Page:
When I first graduated from Connecticut College, I was a curatorial intern at the Florence Griswold Museum in Old Lyme. What started as the Griswold family home, built in 1817 and purchased by Captain Robert Griswold in 1841, evolved into a boarding house for artists, known as the Lyme Art Colony around the turn of the century, when Miss Florence Griswold had little other means for income and Henry Ward Ranger was looking to establish an American centre for painting. Now, due to Director Jeffrey Anderson’s phenomenal work, it is a thriving Museum : the home of American Impressionism, a campus along the Connecticut River of galleries, studios, gardens, meeting spaces and offices.
There was an archeological excavation going on when I was there; they were uprooting paint tubes that the artists dropped in the grass, and shards of glass from bottles. It didn’t dawn until much later, when I found myself immersed in my own community of artists, that the refinement the Museum presented, the impression (shall we say) of a gentler time, was nothing like my daily life. Stories I had read there, about gathering up Miss Florence’s feral cats and taking them away, understanding what the wiggle drawings must have really been about (having participated in quite a few drawing parties myself), their life must have been so much more bohemian and riotous than this ordered, gracious museum appears. They painted on the walls. The art life, glorified by art houses like the Florence Griswold Museum, is beautiful and creative, but even the imperfect stories seem charming with distance. In the moment, it must have been hard and messy and full of negotiations; and in the end, something extraordinary happened.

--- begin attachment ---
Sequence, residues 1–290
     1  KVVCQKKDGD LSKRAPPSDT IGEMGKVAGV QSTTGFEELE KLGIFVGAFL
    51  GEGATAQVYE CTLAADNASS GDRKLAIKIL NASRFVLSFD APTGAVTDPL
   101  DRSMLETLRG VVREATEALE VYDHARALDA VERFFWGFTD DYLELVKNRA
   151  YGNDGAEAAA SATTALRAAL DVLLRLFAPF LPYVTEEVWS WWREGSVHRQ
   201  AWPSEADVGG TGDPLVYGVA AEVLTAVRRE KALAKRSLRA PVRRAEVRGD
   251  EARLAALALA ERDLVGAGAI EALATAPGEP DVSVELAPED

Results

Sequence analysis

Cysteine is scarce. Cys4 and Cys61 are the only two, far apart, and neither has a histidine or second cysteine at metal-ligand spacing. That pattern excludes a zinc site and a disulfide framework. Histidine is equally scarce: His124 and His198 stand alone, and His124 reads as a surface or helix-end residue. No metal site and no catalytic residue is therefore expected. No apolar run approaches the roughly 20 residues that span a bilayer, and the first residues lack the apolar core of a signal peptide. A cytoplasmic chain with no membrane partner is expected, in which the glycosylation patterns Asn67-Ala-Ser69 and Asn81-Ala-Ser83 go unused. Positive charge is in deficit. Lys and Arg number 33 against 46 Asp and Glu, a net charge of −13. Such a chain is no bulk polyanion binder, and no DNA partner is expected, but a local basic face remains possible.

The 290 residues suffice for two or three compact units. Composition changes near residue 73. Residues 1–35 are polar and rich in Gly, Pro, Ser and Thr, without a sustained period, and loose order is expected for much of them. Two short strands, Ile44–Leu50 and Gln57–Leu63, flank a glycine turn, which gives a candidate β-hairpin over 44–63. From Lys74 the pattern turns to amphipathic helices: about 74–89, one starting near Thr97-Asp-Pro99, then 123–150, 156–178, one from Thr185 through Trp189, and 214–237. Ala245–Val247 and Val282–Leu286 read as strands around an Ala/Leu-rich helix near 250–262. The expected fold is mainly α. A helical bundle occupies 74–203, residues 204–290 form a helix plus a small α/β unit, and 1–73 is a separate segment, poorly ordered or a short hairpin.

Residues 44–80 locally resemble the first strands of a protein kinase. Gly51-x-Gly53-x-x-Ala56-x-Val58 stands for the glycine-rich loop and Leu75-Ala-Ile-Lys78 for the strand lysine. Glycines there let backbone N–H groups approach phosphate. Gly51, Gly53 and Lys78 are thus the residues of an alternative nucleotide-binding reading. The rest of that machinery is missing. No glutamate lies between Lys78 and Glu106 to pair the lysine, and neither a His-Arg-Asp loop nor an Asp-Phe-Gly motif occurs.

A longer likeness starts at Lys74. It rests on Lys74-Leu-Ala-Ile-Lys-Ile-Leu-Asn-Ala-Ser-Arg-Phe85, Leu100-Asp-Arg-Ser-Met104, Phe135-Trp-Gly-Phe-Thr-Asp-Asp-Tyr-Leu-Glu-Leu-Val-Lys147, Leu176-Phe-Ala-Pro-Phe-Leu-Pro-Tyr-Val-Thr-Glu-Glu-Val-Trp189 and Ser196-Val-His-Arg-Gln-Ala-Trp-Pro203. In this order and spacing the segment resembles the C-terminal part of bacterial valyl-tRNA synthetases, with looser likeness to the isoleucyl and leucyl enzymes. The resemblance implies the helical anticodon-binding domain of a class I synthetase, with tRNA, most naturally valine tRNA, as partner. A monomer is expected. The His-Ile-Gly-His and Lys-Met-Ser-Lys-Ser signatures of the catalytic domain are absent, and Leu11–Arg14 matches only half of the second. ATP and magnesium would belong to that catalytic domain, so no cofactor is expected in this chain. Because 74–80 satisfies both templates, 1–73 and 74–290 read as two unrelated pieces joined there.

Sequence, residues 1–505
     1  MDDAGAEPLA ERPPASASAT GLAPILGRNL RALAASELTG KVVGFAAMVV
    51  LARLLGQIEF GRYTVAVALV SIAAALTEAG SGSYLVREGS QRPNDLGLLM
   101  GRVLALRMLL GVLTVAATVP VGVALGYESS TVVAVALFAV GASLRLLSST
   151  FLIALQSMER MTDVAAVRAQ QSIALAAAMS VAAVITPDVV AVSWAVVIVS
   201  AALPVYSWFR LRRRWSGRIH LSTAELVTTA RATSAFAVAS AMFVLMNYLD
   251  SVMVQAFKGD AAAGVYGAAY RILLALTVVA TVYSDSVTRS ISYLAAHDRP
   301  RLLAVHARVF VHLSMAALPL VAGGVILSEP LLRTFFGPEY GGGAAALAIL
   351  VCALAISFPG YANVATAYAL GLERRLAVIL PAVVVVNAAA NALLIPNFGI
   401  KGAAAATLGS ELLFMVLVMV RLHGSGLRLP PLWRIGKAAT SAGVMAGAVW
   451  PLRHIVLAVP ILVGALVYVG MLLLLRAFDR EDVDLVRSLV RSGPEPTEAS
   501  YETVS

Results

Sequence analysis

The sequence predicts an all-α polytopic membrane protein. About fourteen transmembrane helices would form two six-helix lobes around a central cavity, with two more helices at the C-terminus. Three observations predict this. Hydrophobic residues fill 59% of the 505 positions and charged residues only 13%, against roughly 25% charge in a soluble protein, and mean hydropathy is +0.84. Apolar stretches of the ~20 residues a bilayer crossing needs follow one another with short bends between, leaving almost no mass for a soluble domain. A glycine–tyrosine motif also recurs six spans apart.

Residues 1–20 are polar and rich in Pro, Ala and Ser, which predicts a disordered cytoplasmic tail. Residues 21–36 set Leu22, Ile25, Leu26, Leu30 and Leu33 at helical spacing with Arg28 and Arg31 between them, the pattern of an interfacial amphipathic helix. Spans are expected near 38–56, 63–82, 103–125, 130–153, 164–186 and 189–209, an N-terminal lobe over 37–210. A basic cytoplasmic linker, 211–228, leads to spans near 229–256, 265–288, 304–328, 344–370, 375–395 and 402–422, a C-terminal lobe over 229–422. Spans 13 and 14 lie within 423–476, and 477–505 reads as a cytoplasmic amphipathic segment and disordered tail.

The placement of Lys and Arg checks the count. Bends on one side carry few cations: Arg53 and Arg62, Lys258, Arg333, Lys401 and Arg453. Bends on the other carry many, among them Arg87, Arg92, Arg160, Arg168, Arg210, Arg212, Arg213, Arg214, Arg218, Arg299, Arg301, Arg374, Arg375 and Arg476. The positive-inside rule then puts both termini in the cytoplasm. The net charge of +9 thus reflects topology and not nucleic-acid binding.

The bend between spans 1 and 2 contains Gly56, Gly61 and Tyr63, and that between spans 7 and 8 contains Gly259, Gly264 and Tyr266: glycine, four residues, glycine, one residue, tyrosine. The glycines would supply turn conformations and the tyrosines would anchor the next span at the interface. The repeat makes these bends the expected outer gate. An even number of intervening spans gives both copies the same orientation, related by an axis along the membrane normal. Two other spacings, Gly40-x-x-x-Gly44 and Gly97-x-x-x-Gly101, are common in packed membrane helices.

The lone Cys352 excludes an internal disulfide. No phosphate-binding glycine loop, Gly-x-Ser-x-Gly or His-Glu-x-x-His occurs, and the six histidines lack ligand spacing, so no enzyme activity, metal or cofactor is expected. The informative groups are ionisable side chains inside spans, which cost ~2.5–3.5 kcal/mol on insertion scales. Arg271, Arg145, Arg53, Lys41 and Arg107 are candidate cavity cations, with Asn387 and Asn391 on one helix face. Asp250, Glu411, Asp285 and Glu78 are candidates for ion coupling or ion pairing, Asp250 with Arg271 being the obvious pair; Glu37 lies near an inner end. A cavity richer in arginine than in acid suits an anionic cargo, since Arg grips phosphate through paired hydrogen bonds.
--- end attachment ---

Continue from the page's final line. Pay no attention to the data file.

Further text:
I am interested in the tipping points of these houses, in present reality and critical distance. This is why I began my study of infamous Canadian art houses with the Cardiff/Miller House, still living in Lethbridge, Alberta.